Treaty of Benevento

from Wikipedia, the free encyclopedia

The Treaty of Benevento was signed on June 18, 1156 between Pope Hadrian IV and William I of Sicily. He regulated the relationship between the Roman Church and the kings of Sicily, but did not resolve all territorial issues. Some ecclesiastical political and feudal law provisions remained in effect until the establishment of the Kingdom of Italy in 1861.

The Kingdom of Sicily around 1154


Under Roger II , the Norman rulers of Sicily had conquered an area of ​​influence far into the papal territories of southern Italy. After his death in 1154, his heir Wilhelm I struggled with uprisings in Apulia and, in light of this, tried for the first time to come to an understanding with Pope Hadrian IV. At the same time, both the Normans and the Papal States were threatened by a Byzantine invasion. In 1153 the Byzantines took Ancona . On the other hand, Konrad III. and his successor Friedrich I. Barbarossa with the Treaty of Constanceobliged to drive the Normans out of southern Italy in cooperation with the Pope, so that the Normans were faced with a united opposing front, from which the Pope could not easily have left. However, it remained unclear who should get the reclaimed land: the Pope or the Emperor.

In view of this complicated contractual and interests situation, Barbarossa set out on the Rome procession in autumn 1154, with which he sought the coronation of the emperor . In addition, he planned to begin retaking southern Italy after the coronation and even land in Sicily . On June 18, 1155, Friedrich I was crowned emperor. Shortly afterwards, Hadrian IV had to flee to Benevento from the uprisings in the city . Barbarossa was negotiating at the same time with Byzantine envoys about a common campaign against Sicily. In the imperial army, however, the German princes offered massive resistance to this project and Friedrich had to give up the campaign, which led to the almost complete breakdown of relations with Byzantium. In addition, the Pope had lost his most important ally against the Normans. The Byzantines then offered Hadrian IV their support against the city Romans, but demanded the transfer of fixed bases on the coast of Apulia. The Pope hesitated to agree, as he would have given the Byzantines extensive access to his territory. At the same time, the Byzantines stirred up an uprising in the Norman Empire, which by the spring of 1156 encompassed almost all of Apulia and also spread to Sicily. In addition, Byzantium conquered Brindisi . At the same time, however, William I had recovered from a long illness, put down the uprisings on mainland Italy and retook Brindisi in May 1156.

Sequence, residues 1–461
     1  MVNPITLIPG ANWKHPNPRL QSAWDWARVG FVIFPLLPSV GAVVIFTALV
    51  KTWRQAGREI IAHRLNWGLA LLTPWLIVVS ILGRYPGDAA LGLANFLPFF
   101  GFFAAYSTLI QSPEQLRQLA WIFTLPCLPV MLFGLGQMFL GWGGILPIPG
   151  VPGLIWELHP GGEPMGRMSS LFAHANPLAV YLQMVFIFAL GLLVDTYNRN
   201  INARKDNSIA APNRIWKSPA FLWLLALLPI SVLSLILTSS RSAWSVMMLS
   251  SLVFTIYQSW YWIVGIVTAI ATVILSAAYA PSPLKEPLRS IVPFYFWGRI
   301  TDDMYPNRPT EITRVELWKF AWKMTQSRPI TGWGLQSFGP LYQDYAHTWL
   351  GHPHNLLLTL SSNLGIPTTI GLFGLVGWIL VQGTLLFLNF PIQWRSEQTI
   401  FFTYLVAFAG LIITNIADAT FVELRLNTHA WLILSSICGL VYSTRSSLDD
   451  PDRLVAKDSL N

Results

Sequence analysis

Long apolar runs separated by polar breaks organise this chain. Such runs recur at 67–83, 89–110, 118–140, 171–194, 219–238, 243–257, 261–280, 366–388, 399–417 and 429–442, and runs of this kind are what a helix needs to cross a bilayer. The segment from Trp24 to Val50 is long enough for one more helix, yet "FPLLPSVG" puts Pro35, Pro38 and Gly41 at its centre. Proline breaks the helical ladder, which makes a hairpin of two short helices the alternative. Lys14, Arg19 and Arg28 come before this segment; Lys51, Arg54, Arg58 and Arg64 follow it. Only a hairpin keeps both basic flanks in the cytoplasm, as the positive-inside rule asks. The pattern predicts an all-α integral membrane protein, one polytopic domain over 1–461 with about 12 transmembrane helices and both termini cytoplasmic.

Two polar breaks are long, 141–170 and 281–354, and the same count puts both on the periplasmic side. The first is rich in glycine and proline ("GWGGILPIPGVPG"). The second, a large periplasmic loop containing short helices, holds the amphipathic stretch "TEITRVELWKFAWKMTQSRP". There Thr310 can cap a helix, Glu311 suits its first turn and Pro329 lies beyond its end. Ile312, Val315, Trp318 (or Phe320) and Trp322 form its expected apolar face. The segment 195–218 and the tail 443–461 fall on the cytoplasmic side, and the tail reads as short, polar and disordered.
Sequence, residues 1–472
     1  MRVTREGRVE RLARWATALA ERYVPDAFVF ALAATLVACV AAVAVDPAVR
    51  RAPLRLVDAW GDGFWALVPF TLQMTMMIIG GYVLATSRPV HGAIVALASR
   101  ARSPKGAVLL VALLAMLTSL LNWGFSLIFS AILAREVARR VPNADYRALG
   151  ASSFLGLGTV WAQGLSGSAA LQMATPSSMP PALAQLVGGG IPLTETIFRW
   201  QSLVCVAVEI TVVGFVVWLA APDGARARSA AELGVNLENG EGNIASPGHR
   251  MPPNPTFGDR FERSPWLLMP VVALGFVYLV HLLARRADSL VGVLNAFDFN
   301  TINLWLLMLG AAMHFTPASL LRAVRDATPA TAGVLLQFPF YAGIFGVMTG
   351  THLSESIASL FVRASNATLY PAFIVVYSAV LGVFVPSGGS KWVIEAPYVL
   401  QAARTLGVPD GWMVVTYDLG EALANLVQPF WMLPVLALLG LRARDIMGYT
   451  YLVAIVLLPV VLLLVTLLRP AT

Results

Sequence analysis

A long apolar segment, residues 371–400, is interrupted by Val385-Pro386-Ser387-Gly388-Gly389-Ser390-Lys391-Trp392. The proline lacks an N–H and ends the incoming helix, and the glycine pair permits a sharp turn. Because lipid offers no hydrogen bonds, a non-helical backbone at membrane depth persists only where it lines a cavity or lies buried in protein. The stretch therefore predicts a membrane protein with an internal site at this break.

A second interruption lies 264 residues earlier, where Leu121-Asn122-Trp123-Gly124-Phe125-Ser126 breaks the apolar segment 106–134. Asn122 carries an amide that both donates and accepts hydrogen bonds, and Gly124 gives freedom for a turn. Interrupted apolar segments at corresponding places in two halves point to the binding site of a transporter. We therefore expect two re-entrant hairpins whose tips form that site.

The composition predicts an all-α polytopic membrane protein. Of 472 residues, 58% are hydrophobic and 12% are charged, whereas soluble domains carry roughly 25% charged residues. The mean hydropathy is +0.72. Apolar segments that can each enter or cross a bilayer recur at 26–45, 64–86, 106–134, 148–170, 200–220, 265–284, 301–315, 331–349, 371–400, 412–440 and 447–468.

The contract

In view of this sudden gain in power by the Normans and Barbarossa's de facto turning away from southern Italy, Hadrian IV fundamentally reoriented his policy and made peace with the Normans. In June 1156 the contract of Benevento was agreed. Hadrian sent a delegation with the Cardinal Priests Humbald of Santa Prassede and Iulius of San Marcello under the leadership of the Chancellor Roland to William I, who in turn sent his ammiratus ammiratorum Maio of Bari , the Archbishops Hugo of Palermo and Romuald of Salerno and the Bishop William of Troia and named the Abbot Marinus of Cava as negotiator. The result was recorded in two documents. The original Norman copy has been preserved in the Vatican Secret Archives , only a copy of Hadrian's counter-document has been preserved.

Hadrian recognized the Norman Empire in them. In addition, he renounced any influence on the succession and left it to the decision of the respective Norman king. In return, Wilhelm swore the Pope the feudal oath , which should also apply to the respective successors. Wilhelm received the license to practice medicine for church elections for the entire empire . Papal legations were only allowed to enter the mainland part of the empire without the express consent of the ruler; the reservation of consent also applied to appeals by the clergy to the Holy See.

With this step the Pope had transformed an opponent into a new protecting power. The Normans had their kingdom legitimized by the highest authority of the Catholic Church.

William demonstrated his will to fulfill the new task by paying 5,000 pounds of gold to the Romans, the sum traditionally distributed to the people by the Pope when he took office. After this payout, the Roman uprising ended and the Pope returned to the city.

The consequences

The Treaty of Benevento is related to a general change of coalition: In 1158 Hadrian brokered a peace between Byzantines and Normans, whereupon these agreed future actions against the Staufer territories in Italy. In addition, the Benevento Treaty also represented an important step in the intensification of the conflict between Pope and Emperor. After all, Frederick had not performed the protective function that Hadrian had hoped for against the Normans and Hadrian had allied himself with the Normans, whom Barbarossa viewed as enemies.

In terms of the history of ideas, the treaty broke the ties between the emperor and the pope. The emperor was no longer legitimized by him as the sole bailiff of the church and also no longer legitimized by his function in the city of Rome.